Despite a prevailing “sense of fear” among vulnerable citizens, UN humanitarian agencies and their partners reiterated a global commitment to the people of Afghanistan on Friday, informing that they are still accessing those in need throughout the country.
At least 26,500 people, which includes Afghans and foreign nationals, have been evacuated from Afghanistan since the Taliban began its final advance on Kabul.
The United Nations High Commissioner for Refugees (UNHCR) is concerned about the prevailing humanitarian needs within Afghanistan, and urges support to ensure that all those requiring assistance are not forgotten.
The situation on the ground across the country remains extremely fluid. While widespread fighting has decreased since the takeover of the country by the Taliban on Sunday, the full impact of the evolving situation is not yet clear.
Many Afghans are extremely anxious about what the future holds.
The Biden administration may compel US airlines to transport tens of thousands of Afghan evacuees as the US military struggles to manage an influx of people in the wake of a Taliban takeover in Afghanistan.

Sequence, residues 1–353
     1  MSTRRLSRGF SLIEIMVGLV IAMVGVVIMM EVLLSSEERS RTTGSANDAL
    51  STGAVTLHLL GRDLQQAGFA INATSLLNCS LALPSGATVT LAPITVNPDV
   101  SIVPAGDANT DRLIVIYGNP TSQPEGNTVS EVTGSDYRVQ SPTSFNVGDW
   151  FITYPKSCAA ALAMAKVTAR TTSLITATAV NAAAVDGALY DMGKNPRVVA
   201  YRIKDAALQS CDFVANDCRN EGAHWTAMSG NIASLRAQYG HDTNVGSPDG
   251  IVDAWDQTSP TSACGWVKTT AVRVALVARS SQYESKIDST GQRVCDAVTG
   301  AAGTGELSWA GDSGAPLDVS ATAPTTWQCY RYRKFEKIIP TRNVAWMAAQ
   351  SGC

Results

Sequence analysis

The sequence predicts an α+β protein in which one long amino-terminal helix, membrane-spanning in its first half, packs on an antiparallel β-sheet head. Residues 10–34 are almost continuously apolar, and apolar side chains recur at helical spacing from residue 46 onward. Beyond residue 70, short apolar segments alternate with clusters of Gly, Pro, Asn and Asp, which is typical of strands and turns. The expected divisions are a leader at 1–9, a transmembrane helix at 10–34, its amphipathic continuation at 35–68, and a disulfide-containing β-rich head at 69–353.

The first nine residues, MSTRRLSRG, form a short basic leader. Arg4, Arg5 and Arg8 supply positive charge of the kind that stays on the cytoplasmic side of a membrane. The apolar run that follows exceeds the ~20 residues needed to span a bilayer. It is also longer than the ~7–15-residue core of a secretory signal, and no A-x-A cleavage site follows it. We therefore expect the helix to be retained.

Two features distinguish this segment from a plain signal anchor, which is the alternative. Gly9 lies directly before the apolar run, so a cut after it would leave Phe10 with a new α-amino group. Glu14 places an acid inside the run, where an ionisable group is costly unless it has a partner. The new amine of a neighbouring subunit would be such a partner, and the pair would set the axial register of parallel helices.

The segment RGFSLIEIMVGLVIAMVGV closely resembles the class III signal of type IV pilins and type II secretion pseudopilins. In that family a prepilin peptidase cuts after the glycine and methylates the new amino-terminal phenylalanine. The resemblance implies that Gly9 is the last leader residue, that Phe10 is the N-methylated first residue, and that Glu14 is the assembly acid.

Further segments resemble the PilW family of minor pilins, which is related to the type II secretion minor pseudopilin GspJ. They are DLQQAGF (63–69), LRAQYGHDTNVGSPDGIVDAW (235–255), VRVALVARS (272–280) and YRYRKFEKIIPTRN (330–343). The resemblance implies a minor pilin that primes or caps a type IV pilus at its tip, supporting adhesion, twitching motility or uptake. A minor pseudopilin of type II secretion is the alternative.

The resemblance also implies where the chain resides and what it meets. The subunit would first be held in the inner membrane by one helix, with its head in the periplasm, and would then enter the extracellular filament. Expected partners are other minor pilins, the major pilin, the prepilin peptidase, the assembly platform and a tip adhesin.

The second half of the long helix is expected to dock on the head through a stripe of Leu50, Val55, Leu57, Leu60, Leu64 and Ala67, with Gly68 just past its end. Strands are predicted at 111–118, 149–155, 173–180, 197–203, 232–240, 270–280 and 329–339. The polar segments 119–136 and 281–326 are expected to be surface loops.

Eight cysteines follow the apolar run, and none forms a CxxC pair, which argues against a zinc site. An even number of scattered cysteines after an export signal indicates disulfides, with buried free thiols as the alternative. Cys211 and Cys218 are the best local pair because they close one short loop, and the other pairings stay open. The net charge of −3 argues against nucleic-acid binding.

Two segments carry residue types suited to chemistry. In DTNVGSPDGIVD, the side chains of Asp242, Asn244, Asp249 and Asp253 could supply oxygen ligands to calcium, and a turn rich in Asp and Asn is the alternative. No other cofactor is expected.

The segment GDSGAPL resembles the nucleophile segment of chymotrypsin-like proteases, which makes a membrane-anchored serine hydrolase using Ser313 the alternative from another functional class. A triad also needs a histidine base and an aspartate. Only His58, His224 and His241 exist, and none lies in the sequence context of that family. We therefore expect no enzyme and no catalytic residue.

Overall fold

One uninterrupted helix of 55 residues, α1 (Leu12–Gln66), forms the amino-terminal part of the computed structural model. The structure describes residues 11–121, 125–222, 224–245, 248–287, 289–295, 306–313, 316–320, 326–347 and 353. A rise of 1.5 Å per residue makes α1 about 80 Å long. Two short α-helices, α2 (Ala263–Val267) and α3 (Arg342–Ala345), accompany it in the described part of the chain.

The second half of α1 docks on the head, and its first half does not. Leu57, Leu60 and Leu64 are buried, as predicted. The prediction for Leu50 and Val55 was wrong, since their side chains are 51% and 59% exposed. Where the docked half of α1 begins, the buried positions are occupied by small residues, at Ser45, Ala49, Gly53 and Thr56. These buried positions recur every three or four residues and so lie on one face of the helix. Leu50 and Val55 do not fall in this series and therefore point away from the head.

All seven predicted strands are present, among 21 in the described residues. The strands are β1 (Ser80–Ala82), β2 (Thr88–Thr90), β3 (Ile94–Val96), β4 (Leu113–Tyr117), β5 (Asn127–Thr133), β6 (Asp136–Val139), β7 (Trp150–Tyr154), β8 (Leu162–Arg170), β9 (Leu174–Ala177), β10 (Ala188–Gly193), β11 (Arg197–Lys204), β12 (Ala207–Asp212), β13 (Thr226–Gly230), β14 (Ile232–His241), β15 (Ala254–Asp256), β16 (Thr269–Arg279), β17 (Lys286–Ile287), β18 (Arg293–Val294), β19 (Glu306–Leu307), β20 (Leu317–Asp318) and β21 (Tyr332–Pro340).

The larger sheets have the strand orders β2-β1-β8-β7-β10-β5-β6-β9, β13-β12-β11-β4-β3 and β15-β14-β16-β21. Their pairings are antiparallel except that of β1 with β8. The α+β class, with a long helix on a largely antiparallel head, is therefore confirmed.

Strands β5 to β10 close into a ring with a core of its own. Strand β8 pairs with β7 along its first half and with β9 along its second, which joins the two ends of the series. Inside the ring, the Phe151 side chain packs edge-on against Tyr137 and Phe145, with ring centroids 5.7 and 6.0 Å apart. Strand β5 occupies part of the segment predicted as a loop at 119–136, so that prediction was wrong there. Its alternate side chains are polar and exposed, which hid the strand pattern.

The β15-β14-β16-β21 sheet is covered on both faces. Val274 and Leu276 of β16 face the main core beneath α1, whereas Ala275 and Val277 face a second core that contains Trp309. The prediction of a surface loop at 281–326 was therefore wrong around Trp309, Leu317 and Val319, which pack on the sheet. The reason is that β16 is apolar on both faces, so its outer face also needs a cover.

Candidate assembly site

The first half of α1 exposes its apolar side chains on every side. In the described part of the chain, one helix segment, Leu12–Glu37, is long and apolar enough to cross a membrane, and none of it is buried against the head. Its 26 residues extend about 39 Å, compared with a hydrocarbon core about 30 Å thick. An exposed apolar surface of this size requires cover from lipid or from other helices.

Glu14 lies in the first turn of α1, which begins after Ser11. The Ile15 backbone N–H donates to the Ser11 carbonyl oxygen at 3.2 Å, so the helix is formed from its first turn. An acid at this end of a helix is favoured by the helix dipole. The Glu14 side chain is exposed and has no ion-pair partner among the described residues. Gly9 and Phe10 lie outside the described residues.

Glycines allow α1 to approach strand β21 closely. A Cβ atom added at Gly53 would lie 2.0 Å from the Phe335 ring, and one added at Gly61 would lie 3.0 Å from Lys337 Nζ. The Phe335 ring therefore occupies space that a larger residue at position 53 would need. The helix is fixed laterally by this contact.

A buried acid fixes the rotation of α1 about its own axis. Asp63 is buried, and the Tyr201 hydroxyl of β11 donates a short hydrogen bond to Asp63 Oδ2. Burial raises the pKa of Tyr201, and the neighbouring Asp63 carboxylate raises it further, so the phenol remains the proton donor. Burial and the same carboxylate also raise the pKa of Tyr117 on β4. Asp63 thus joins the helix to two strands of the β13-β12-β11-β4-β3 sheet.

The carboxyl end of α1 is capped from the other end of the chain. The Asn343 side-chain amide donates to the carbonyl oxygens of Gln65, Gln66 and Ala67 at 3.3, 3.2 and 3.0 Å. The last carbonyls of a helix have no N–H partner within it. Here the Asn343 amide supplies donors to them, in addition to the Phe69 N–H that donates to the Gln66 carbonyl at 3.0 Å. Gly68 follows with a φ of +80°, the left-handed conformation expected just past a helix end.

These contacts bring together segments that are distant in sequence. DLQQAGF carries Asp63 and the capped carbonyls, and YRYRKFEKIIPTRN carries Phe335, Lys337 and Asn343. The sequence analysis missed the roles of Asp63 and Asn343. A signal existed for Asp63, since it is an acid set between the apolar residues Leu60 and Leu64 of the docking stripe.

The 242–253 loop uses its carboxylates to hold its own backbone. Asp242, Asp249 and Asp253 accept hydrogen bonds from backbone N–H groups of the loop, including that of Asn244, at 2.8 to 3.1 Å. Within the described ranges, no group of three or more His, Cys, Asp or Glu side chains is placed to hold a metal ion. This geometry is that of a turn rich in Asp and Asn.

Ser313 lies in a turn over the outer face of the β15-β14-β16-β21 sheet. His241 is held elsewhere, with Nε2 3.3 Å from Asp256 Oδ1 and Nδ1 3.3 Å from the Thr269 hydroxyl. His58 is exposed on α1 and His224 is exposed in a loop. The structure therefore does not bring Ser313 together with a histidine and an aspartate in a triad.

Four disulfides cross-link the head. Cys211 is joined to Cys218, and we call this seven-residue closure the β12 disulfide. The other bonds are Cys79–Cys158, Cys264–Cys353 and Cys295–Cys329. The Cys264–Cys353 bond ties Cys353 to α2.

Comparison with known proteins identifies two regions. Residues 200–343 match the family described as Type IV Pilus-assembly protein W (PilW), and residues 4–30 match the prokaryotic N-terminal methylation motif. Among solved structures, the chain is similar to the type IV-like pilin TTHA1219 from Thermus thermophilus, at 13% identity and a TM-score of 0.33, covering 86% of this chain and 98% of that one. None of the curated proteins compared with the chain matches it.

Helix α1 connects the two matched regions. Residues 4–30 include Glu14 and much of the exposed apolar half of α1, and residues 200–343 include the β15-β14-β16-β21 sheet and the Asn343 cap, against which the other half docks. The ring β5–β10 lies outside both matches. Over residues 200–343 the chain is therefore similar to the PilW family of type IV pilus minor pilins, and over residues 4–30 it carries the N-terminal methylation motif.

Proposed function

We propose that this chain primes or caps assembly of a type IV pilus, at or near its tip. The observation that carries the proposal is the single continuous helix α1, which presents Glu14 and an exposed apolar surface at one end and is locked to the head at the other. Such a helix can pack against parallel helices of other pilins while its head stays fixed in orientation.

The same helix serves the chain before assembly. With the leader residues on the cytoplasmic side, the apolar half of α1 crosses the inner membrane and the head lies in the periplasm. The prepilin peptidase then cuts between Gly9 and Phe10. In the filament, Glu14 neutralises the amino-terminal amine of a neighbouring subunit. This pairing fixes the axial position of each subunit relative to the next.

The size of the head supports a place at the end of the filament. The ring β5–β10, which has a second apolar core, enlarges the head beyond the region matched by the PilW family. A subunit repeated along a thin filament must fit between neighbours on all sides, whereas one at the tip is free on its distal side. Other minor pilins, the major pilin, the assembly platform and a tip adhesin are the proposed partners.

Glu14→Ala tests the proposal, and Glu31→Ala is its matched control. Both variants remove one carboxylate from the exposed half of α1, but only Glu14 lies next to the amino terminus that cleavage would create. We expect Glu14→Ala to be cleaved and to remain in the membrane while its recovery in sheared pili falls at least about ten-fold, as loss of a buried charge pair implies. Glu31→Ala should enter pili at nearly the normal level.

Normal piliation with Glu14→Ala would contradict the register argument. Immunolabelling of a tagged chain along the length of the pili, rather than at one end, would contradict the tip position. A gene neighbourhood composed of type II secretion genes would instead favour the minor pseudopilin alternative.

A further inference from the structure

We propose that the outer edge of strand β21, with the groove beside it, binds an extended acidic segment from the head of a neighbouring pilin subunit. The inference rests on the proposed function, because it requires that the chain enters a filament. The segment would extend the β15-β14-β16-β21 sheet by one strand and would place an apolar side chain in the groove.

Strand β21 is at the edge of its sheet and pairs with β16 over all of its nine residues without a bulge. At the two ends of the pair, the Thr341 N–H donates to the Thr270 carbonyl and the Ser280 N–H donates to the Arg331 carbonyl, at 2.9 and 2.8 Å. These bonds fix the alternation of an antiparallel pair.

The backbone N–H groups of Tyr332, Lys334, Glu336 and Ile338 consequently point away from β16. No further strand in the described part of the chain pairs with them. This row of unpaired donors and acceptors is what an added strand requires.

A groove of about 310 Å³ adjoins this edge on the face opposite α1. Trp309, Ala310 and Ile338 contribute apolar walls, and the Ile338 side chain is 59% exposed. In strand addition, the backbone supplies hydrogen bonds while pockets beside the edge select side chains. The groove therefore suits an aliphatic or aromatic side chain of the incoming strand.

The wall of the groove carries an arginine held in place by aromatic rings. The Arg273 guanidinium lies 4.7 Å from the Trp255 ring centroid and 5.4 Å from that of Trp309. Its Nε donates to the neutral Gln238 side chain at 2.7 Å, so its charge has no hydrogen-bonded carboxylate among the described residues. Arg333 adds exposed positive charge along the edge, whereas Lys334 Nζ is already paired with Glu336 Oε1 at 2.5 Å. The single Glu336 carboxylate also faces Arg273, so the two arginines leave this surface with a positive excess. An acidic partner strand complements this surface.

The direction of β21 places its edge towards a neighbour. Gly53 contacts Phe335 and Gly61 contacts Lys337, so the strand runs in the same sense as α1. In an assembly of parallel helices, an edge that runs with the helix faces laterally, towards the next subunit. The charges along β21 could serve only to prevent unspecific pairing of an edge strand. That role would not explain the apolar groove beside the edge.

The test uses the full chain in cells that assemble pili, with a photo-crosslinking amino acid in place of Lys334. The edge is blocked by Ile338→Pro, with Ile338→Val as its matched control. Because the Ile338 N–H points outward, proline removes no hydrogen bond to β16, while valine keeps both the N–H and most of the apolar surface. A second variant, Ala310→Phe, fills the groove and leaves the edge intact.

An administration official said commercial jets would transport Afghans from locations where they were taken after being evacuated from the country, including US bases in Qatar, Bahrain and Germany, but not be flying into Afghanistan.
President Joe Biden is scheduled to speak about the ongoing evacuation in Afghanistan as well as the impact of Hurricane Henri at 4 p.m. Sunday, according to the White House.
“UNHCR remains concerned about the risk of human rights violations against civilians in this evolving context, including for women and girls”, said Shabia Mantoo a spokesperson for the UN refugee agency. “As of today, those who may be in danger have no way out. UNHCR is calling on countries neighboring Afghanistan to keep their borders open in light of the evolving crisis in Afghanistan.”